Burundi’s Pierre Nkurunziza approves media law
Burundi’s President Pierre Nkurunziza has approved a new media law which critics have condemned as an attack on press freedom.
The law forbids reporting on matters which could undermine national security, public order or the economy.
It marked a “black day for freedom of information” in Burundi, campaign group Reporters Without Borders said.
Mr Nkurunziza is a former rebel leader who was elected president at the end of a brutal civil war in 2005.
He was re-elected in 2010 in polls which were boycotted by the opposition.
Mr Nkurunziza’s spokesman Leonidas Hatungimana said the president had approved the law after it was passed by the House of Representatives and Senate.
Ruling party officials say the law will help professionalise the media and ensure that journalists do not incite hatred in a country where some 300,000 people died in ethnic conflict between 1994 and 2005.
However, Reporters Without Borders said Burundi had “gone backwards, more than 20 years”.
“The new law restricts journalists’ ability to do investigative reporting, weakens protection for sources, increases fines and requires all journalists to have a university degree regardless of their work experience,” it added.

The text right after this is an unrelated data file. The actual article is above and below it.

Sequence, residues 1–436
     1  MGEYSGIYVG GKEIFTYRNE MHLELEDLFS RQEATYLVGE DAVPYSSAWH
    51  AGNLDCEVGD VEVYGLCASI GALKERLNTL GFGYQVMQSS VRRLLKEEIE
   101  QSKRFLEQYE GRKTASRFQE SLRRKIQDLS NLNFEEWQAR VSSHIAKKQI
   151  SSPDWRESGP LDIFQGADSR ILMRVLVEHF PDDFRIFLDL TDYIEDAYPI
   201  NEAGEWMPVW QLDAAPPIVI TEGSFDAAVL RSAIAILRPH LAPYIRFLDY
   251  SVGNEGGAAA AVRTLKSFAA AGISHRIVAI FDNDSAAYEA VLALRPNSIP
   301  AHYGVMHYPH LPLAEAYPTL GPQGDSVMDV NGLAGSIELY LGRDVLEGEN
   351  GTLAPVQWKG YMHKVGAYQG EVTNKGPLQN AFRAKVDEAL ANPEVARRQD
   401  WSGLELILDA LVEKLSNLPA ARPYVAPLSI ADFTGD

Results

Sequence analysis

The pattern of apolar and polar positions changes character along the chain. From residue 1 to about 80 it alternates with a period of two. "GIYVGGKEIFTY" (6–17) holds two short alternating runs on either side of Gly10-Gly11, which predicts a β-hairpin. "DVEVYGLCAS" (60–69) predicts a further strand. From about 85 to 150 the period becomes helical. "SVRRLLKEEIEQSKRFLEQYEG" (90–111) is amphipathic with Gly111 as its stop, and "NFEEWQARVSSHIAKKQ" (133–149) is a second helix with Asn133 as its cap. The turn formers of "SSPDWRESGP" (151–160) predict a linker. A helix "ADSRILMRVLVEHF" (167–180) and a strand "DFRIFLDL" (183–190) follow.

On 31 May, Burundi’s National Communication Council (CNC) imposed a one-month ban on the popular Iwacu newspaper’s online forum because it claimed readers’ comments breached the law by “endangering national unity, public order and security, incitement to ethnic hatred, justification of crimes, and insults to the head of state”, said campaign group Human Rights Watch.
“The CNC’s decision to suspend a readers’ forum is unnecessarily heavy-handed and punitive,” said Daniel Bekele, Africa director at Human Rights Watch.
In March, Hassan Ruvakuki, a journalist with local radio station Bonesha FM, was released from prison on health grounds after spending 15 months behind bars.
He had been sentenced to three years in prison after being convicted of working for a criminal group.
He denied the charge.
This article was published by the BBC News Africa on June 4, 2013